We get asked about wait times often when it comes to Social Security Disability Insurance (SSDI) decisions—and we always tell clients that the time they may have to wait depends on a number of factors, so there’s really no clear-cut waiting period.
Among the items that can affect an SSDI decision are the stage you are at in the process (application or appeal), which state you live in, how quickly you can produce medical records and whether your case is expedited due to the type of disability you have.
This is why it is so incredibly important to seek representation if you are disabled. Wait times, at the hearing level, can take anywhere from six months to over a year, depending upon a number of factors.
Keep in mind, if you are suffering from a catastrophic disability, you may be eligible for the Social Security Administration’s (SSA) Compassionate Allowances (CAL) program, which expedites benefit decisions for a limited amount of conditions.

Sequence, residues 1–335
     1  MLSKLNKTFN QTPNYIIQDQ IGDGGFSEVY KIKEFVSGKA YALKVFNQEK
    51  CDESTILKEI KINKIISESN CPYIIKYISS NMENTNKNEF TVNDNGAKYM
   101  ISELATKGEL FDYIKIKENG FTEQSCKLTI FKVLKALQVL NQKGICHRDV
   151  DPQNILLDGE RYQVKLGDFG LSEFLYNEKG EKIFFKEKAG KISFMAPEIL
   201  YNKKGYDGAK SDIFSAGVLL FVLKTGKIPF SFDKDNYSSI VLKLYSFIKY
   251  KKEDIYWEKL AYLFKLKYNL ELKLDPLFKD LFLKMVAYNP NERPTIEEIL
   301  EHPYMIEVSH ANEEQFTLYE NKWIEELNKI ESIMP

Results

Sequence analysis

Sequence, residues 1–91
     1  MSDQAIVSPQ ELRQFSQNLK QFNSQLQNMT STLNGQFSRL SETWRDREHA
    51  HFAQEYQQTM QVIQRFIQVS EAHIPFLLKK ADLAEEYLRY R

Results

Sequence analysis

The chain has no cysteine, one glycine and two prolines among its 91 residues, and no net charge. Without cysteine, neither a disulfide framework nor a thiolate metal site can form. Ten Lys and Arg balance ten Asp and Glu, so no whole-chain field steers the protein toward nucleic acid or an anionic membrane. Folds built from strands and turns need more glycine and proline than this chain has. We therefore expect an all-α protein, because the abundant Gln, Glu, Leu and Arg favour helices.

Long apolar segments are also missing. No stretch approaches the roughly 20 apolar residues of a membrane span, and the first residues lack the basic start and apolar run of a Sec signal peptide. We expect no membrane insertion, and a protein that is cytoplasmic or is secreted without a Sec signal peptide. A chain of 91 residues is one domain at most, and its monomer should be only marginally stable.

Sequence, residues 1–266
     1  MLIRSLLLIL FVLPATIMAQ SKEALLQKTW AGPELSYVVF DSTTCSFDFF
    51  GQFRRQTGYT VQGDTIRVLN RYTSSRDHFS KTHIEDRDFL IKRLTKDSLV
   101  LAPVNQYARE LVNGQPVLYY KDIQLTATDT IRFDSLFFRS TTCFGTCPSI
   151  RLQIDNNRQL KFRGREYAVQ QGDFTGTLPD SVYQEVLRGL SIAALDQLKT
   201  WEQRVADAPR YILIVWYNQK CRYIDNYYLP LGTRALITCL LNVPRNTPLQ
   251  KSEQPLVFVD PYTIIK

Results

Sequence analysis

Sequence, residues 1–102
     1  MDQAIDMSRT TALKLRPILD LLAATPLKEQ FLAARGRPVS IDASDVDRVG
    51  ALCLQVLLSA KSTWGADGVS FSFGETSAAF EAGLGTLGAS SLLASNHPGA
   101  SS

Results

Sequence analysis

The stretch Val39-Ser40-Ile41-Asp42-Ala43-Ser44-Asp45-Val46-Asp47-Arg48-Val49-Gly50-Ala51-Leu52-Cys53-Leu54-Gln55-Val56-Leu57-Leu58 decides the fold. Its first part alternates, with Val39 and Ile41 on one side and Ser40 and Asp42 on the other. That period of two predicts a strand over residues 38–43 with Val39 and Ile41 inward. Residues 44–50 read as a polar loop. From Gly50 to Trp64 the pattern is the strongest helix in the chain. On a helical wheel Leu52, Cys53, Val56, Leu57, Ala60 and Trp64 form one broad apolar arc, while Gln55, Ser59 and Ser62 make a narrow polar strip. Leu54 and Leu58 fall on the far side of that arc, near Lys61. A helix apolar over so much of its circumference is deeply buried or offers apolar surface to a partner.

Recently, WIVB-TV, of Buffalo, New York, had an interesting story about a woman who had to wait for four years before receiving SSDI. The woman reportedly stopped working in December 2010 due to neck and back injuries—she filed for SSDI in July 2011 and an administrative law judge (ALJ) heard her case in February 2013.
However, according to WIVB, processing times in the Buffalo Office of Disability Adjudication and Review were among the longest in the country, and her judge was at the bottom of the sitting ALJs in her county, forcing her to wait.
Fortunately, the woman was approved for benefits and awarded them retroactive dating back to March 2012, allowing her to receive a lump sum payment of more than two years of funds that included two cost-of-living adjustments.
What Should I Do If My SSDI Case Is taking a Long Time to Process?
Again, if you are experiencing prolonged wait times, call us immediately. We will review your case and determine if there is a course of action that can be taken to speed up your claim. Often, as we will blog about later this week, errors on applications or appeals paperwork result in delays.
Keep in mind, our attorneys collect contingency fees based on whether or not you win your case. For more information, contact us today.
Troutman & Troutman, P.C. – Tulsa Social Security disability lawyers
Troutman Touts: Oklahoma’s Disability Determination Division (DDD) handles initial applications for SSDI benefits.